Central banks are keeping key interest rates at record low levels
- The emphasis to keep rates low would encourage investors to demand risky assets
Many central banks were busy over the past week, making decision on their monetary policies. The main role of a central bank is to maintain price stability and often, that ties in with the state of economy so monetary policy becomes a tool to deal with economic cycle.
While the extremely lax monetary policy (along with many other measures) has borne fruit in helping global economy recover, it is encouraging to note that many central banks, most notably the Federal Reserve, are keeping benchmark interest rates unchanged and not risking rates hikes prematurely. We believe that low interest rates would help to stimulate economic growth and support the prices of financial assets.
30 Oct 09: Bank of Japan Maintains Rate at 0.1%
Bank of Japan (BOJ) kept rates unchanged at 0.1% and said that the bank will maintain extremely accommodative financial environment for some time by holding interest rates at their current low levels and by providing ample funds to meet demand in financial markets. On the other hand, the temporary measures such as the outright purchase of commercial papers and corporate bonds since 2008 would be withdrawn starting end of 2009 as BOJ noted that the Japan’s financial environment has shown signs of improvement.
3 Nov 09: Reserve Bank of Australia hiked rates by 0.25% to 3.5%
Reserve Bank of Australia (RBA) was the only central bank in the developed nations to start raising rates. The first rate rise was implemented on 6 October 09 for which the market reacted positively because they are encouraged by the RBA’s confidence in the economy. A second hike was implemented this week on 3 November. RBA expects the Australian economy to increase 1.75% for 2009, 3 times faster than the 0.5% gain forecast 3 months ago. In 2010, the economy is expected to grow 3.25%.
4 Nov 09: Bank of Indonesia Maintains Rate at 6.5%
Bank of Indonesia (BOI) maintained its reference rate at 6.5%, the lowest level since the reference rate was introduced in May 2005. Inflation unexpectedly slowed to a nine-year low of 2.57% in October. While prices may start to climb in coming months due to a low base, BOI believes that inflationary risk is not high enough to warrant a rate hike at this moment.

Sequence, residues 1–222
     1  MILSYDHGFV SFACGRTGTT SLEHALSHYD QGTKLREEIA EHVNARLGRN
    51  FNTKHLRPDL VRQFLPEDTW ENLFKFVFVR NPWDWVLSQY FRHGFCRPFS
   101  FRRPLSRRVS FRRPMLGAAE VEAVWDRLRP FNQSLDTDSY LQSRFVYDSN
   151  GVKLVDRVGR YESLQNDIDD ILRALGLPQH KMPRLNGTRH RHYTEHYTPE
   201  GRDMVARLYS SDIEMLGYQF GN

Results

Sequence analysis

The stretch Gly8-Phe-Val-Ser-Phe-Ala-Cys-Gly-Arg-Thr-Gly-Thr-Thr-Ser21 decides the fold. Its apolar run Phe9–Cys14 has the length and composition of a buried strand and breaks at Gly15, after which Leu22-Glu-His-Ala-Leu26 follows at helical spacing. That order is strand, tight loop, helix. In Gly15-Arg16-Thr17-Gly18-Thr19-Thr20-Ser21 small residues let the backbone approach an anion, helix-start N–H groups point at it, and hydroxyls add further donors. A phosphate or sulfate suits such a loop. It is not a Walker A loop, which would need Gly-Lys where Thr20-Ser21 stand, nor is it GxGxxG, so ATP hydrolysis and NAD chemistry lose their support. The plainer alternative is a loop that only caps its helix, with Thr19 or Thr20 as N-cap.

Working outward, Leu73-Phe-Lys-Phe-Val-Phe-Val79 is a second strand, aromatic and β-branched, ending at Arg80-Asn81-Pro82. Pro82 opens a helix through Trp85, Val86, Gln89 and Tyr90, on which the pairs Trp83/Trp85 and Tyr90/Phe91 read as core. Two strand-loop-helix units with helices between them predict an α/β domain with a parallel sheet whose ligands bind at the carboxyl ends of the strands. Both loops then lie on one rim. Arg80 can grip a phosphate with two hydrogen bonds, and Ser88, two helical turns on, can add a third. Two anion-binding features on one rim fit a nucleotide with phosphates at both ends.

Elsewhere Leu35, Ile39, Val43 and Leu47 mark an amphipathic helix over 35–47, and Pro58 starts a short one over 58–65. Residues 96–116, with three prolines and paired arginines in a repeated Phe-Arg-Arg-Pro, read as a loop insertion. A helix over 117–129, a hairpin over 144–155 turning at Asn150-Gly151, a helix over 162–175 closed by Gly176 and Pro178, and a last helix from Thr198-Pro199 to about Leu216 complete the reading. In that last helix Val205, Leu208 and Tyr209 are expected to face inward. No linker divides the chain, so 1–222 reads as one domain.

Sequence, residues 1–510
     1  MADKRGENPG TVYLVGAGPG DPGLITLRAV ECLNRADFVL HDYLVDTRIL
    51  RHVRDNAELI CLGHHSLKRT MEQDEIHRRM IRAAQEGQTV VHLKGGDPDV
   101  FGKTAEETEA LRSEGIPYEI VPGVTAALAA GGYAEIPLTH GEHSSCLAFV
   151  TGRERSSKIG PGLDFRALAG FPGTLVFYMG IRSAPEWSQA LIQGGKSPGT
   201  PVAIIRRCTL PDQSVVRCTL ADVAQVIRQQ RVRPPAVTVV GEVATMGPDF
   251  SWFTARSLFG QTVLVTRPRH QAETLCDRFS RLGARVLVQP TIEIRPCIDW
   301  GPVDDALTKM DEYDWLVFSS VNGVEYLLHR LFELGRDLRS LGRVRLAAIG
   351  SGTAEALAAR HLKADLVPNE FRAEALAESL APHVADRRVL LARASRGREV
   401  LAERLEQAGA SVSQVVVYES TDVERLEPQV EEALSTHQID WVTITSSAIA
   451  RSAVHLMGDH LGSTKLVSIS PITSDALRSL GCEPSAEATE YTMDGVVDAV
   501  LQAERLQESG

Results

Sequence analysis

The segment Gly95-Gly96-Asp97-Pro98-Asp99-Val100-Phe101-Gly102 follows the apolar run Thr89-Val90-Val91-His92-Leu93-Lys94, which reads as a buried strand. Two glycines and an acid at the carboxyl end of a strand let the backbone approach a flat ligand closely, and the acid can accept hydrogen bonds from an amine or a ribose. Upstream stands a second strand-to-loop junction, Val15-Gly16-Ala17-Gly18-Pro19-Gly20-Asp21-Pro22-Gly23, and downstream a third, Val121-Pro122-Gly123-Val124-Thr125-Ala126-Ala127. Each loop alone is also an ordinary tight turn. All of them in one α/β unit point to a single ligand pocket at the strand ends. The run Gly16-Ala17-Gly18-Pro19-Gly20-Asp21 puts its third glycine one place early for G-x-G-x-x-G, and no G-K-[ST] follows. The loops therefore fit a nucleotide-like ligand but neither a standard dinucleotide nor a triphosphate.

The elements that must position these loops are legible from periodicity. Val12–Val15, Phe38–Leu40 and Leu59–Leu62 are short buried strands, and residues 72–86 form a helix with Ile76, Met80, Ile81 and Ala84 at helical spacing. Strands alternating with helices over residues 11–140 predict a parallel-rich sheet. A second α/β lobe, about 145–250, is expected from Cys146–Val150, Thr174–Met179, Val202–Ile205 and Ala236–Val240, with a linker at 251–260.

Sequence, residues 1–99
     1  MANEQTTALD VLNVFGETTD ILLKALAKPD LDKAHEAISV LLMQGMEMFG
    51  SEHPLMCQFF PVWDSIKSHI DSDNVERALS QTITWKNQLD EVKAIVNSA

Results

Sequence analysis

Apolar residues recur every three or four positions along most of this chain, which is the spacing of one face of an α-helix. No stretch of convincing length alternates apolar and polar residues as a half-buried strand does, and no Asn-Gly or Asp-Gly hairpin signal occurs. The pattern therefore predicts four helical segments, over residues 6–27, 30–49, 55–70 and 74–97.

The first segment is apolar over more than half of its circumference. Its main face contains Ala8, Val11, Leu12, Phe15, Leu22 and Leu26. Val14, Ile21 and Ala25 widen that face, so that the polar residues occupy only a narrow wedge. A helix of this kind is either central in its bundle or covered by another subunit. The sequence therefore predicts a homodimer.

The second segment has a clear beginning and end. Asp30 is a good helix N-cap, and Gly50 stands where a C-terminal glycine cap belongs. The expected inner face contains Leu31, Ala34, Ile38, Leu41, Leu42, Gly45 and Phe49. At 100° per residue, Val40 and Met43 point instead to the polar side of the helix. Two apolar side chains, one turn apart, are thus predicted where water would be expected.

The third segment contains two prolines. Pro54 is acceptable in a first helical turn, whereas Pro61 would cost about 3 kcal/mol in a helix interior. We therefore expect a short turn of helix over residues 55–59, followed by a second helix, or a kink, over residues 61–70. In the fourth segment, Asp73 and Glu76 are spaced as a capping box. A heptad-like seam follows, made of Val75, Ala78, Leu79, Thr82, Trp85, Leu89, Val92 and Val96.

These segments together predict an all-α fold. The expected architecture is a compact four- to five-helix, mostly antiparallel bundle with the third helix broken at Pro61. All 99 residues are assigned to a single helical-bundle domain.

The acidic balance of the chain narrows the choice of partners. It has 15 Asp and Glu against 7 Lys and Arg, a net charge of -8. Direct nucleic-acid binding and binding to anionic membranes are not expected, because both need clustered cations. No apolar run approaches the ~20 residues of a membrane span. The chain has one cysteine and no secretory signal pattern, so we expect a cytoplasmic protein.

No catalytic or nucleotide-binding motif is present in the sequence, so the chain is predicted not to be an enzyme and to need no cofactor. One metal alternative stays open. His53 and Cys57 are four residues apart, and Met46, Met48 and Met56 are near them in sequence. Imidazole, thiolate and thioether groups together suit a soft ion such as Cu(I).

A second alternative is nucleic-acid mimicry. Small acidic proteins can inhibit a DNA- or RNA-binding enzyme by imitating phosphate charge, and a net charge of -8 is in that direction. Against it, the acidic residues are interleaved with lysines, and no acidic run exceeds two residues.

4 Nov 09: Federal Reserve Maintains Target Range of 0% 0.25% for Fed Funds Rate
The Federal Reserve (Fed) is maintaining its target of near-zero interest rates for the Fed Funds Rate. The Fed noted that economic activity has continued to pick up with increase in activity in the housing sector but household spending would still be weak on ongoing job losses, sluggish income growth, lower housing wealth and tight credit. The Fed expects that while economy is likely to remain weak for a time, the various measures taken so far to stabilize the financial markets coupled with monetary and fiscal stimulus would support a strengthening economy.
5 Nov 09: Bank of England Maintains Rate at A Record Low of 0.5%
The Bank of England (BOE) maintained its key interest rate at a record low 0.5% and decided to increase the purchase of United Kingdom gilts (government bonds) by 25 billion pounds. While the quantum is smaller than economists’ expectation, the decision to continue with the quantitative easing should help the economy return to growth.
5 Nov 09: European Central Bank Maintains at Key Rates at A Record Low of 1%
European central bank (ECB) left key interest rates unchanged at 1%, believing that current rates are appropriate even though inflation is expected to turn positive in coming months. ECB acknowledges that economic activity has improved in the second half of the year and expects the euro area economy to recover at a gradual pace in 2010 despite the outlook being subject to high uncertainty. On the downside, ECB is going to phase out the liquidity measures in a timely and gradual fashion as they reckon that there is less need for such liquidity.
Maintaining low interest rates are supportive of economic growth and asset prices
Many central banks have kept their benchmark interest rates unchanged and some have signaled that the low rates may be maintained for an extended period of time. Low interest rates are beneficial for the economy as businesses and consumers would be more likely to borrow and spend, stimulating economic growth. The emphasis to keep rates low is a stimulus for financial markets as investors would see less incentive to keep it in safe assets such as government bonds and turn to more risky assets, including corporate bonds and equities for higher returns.
Worries over premature rate hikes may have contributed to the heightened volatilities for equity markets in the past week. However, with the central banks determined to keep rates low amidst improving economic data, risk appetite would soon return. We remain optimistic on the recovery of equity markets.